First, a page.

11:00 – Tonkass time. There’s a Hansot just outside the main gate. Hansot is a Korean food chain that is usually found in university areas as the food on offer is very cheap. I used to eat at the one near my gositel in Nakseongdae about twice a week but back then the quality matched the price.
13:10 – My animation/manga majors are awesome. They’re the ones that did those posters here. They are super nerdy, and that is why I like them. Today’s topic was present continuous and the target language was about clothing. The students would write a sentence like I’m wearing pants and I’m not wearing a skirt on the electronic board. One student wrote “I’m wearing a one piece” referring to a swimsuit as that is what a women’s swimsuit is called in Korean. A bikini is a bikini, btw. I then had to explain that he meant Speedos, or budgie smugglers. Any day that I can talk about Tony Abbot and his choice of swimwear is a good day.
15:00 – Coffee time. Coffee on campus is pretty cheap; 1500 won a for an espresso, 2200 won for a caffe latte. And prep time for my Hotel Management class.
16:10 – The Hotel Management class is only five students, only two of which are in the corresponding writing class on Wednesday. Only one of these students is wearing the suit and tie required as uniform for this major as the others are 3rd or 4th years and they are exempt from wearing the uniform. I notice during the break that he isn’t wearing the yellow smiley face like the other Hotel Management students are wearing. They were originally wearing those yellow ribbons for the Sewol Ferry sinking but recently they have decided they’d rather look like advocates for ecstasy.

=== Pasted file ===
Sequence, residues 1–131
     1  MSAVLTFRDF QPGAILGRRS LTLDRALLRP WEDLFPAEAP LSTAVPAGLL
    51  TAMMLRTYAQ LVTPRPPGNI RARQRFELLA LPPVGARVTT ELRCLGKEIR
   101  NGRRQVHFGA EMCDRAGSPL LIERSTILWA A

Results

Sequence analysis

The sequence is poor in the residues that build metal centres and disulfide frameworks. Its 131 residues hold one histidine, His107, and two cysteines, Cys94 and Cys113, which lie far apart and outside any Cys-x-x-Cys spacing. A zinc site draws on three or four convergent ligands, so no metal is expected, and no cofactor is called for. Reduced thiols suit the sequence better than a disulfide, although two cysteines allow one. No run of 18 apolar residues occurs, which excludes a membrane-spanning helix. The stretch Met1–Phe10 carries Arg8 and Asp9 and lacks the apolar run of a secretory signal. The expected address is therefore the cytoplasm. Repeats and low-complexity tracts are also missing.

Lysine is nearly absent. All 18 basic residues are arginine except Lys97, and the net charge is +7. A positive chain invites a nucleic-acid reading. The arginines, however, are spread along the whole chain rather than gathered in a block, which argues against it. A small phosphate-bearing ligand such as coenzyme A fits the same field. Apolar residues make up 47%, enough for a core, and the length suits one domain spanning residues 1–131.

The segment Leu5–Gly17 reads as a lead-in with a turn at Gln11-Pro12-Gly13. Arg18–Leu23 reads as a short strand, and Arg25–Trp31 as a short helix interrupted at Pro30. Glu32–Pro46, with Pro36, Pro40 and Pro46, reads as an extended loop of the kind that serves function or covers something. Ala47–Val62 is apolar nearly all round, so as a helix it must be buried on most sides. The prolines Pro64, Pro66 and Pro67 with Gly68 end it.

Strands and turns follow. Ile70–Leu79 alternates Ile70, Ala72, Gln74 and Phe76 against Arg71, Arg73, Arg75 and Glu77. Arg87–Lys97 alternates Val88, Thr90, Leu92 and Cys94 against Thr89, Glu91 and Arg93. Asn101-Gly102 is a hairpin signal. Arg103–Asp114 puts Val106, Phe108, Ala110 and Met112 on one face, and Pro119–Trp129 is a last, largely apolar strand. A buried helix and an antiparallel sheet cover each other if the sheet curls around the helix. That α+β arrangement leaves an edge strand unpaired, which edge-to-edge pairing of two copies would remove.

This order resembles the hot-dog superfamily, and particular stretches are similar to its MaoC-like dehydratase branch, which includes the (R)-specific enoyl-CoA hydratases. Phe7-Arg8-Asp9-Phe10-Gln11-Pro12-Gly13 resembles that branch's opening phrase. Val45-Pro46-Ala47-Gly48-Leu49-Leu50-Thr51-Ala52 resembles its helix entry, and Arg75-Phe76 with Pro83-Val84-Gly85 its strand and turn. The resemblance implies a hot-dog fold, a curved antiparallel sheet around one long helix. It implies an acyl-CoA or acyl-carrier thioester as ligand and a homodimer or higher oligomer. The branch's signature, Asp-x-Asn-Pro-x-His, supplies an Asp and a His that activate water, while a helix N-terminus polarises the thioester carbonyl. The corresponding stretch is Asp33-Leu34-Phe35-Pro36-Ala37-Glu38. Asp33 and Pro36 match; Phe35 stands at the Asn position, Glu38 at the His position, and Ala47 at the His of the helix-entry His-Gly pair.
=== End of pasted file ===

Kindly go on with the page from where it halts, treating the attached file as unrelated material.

This is also the class where one of my students said he needed eye bleach.
These were all over the main drive way on campus until it rained last week.
And students/politicians trying to score some points were wearing the ribbons on their lapel,
And now students are wearing these in their lapel.
18:20 – Get the shuttle bus back to Daejeon. This is the teacher’s bus so there are always empty seats. We usually get off at Sungsimdang’s patisserie. The cakes here look fantastic, but only a few taste as good as they look. Sungsimdang is probably the best bakery in Korea. Their bakery store at Daejeon Station always has a queue for the 10,000 won bread pack. If you visit Daejeon, buy some bread from this bakery as theirs is nationally renowned.
19:00 – REDACTED
21:30 – Arrive at Galleria in Dunsan. I live a few blocks up from this department store. Today is the Coming of Age Day so (mostly) young women are running around town clutching plant genitalia as a symbol of their being ready for mating.
21:55 – Arrive home. Roommate asks me if I’m wearing lip gloss. My lips have been chapping since I shaved in the morning. Not pleasant. The rest of the evening is spent playing Hearthstone (battlenet: kizix) and enjoying an Asahi Black.
This is what happened on Monday, not quite at a schizophrenic level of detail, but pretty close. Monday is my longest working day so this will be in several parts. The first part is the morning routine up until I leave for the shuttle bus to work.
06:20 – Wake up. I usually wake up at 06:30 but today I have to shave and shower. Already I have my priorities in the wrong order. I can’t remember the last time I shaved, but I think it was some time near the end of February while I was still working at Hyundai Heavy. I understand it is a manly thing to do; to drag a razor-sharp piece of metal (erm, a razor) across one’s face every morning; but it is simply something I don’t like doing. Also, my lips are somewhat sensitive (ladies…) and they tend to chap very easily if I have just shaved.